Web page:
PNC Bank Corp. and NationsBank Corp. have joined the Visa purchasing card program, bringing the number of issuers to 12.
Visa U.S.A. and MasterCard International have estimated the market for purchasing cards to be $300 billion annually. Only 1% of all such purchases under $5,000 are captured on cards.
MasterCard said 26 issuers have signed on to its purchasing card program. Comerica Inc. is expected to announce next week that it will issue MasterCard-branded purchasing cards.
"The need for a purchasing card is evident," said William L. Glascock, senior vice president and manager of commercial card services for NationsBank. "This level of cost is hard to justify when spending for maintenance, repair, office supplies, or even a personal computer."
PNC estimates that a company's small-dollar purchases average $250 and account for as much as 80% of total purchase volume. Internal purchasing processes, from requisition to payment, range from $50 to $150 for each transaction.
Businesses can reduce these administrative costs by up to 90% through this card, according to PNC.
"Everybody is trying to streamline and do more with less," said Stephen Rogers, vice president of product management at PNC. "This card will enable them to do just that."
With the Visa purchasing card program companies will receive transaction information through tailored reports, a computer-based reporting package, and electronic data files with complete transaction details.
Controls for each cardholder, such as limits on single transaction amounts and the number of transactions per day, will be set by the companies. Supplier categories are available at the company and cardholder levels.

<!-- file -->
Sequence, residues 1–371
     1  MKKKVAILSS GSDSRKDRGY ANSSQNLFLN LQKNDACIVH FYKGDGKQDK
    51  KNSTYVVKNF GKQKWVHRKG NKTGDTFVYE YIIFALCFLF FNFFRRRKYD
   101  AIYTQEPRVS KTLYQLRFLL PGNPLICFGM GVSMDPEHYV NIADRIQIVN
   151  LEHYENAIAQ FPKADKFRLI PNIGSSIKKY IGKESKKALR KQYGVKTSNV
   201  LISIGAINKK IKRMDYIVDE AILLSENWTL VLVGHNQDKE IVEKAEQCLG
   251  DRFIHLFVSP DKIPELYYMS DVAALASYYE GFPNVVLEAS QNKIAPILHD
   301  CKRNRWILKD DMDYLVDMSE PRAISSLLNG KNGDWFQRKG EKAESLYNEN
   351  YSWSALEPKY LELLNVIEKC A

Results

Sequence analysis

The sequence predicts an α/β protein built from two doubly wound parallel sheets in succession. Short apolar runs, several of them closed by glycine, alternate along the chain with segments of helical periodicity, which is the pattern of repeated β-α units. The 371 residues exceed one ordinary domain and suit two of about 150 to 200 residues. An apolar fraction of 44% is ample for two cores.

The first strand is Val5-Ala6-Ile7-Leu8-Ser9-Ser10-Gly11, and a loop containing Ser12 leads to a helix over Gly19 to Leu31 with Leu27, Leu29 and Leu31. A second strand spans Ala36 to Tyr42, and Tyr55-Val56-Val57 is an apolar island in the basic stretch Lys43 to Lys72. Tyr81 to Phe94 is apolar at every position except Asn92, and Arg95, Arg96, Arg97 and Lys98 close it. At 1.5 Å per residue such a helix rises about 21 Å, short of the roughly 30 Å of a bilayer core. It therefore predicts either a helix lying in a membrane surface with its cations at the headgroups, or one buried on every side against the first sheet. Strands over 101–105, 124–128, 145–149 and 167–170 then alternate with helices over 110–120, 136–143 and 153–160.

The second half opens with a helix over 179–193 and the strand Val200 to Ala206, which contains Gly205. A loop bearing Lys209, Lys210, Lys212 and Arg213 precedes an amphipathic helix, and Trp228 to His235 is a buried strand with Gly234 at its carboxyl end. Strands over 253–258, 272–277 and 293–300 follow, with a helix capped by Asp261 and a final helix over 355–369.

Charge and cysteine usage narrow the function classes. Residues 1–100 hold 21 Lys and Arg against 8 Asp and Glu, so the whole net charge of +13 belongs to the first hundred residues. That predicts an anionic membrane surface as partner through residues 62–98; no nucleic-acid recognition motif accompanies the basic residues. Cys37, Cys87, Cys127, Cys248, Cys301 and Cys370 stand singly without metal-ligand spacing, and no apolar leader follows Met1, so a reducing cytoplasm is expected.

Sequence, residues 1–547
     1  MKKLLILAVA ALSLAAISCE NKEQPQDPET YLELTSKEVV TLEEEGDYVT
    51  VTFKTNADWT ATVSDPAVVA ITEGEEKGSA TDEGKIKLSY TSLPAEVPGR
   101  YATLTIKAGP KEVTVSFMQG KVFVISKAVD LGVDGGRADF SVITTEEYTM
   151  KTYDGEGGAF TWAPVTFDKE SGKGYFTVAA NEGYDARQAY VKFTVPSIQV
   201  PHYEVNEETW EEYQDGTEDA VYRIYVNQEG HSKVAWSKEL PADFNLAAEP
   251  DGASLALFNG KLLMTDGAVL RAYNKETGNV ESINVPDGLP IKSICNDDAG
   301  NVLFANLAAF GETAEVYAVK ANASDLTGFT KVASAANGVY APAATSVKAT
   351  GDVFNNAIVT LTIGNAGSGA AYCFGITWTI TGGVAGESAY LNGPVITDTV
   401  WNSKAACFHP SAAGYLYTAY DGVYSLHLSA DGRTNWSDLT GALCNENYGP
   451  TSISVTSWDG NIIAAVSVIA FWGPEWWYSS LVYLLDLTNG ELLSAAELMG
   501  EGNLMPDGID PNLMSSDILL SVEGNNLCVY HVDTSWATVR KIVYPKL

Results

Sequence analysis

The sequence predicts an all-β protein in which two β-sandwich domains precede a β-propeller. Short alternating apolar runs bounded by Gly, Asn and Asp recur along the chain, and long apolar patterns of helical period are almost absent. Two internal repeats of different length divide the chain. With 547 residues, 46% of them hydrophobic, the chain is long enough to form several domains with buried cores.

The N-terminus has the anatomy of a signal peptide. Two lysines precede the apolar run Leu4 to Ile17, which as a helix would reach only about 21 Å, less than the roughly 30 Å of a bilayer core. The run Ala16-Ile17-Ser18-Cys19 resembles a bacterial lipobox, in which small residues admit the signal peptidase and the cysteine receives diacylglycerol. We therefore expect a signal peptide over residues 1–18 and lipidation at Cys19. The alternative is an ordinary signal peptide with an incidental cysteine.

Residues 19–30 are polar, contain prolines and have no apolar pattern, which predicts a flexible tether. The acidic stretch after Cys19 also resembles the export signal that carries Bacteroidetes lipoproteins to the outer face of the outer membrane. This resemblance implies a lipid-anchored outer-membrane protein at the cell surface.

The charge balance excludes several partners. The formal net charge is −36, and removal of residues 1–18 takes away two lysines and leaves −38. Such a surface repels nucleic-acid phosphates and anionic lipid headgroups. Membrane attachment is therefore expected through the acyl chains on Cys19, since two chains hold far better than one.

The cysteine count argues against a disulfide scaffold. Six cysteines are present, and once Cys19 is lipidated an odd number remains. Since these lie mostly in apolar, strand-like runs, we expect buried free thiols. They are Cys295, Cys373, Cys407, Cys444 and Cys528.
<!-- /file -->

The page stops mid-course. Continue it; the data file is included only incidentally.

For suppliers, this will do away with costs associated with traditional invoicing, reconciliation, and collection. It provides payments to suppliers in two to three days, as opposed to the 30 to 60 days with traditional invoices.
In a recent Visa survey of purchasing executives, 93% said their companies spend too much time on the entire purchasing process and 86% said they spend too much time processing small-dollar purchases.
"Corporations spend enormous time and money processing small-dollar purchases," said Robert Levaro, senior vice president for Visa's commercial card products. "With (our) purchasing card, companies can decrease their operating costs and increase productivity."
James G. Graham, senior vice president and manager for PNC Bank Treasury Management, noted that with purchasing cards "a company can control which employees purchase supplies and services, how much they can spend, and where they can buy."
The San Francisco-based association's status as the world's largest payment system was cited by both banks in explaining their decision to choose the Visa brand.
PNC, based in Pittsburgh, said its PNC Bank Treasury Management division will manage the Visa purchasing card program.
NationsBank, based in Charlotte, N.C., said it's the nation's leading treasury management services provider. NationsBank Treasury Management associates will offer the Visa purchasing card to its customers.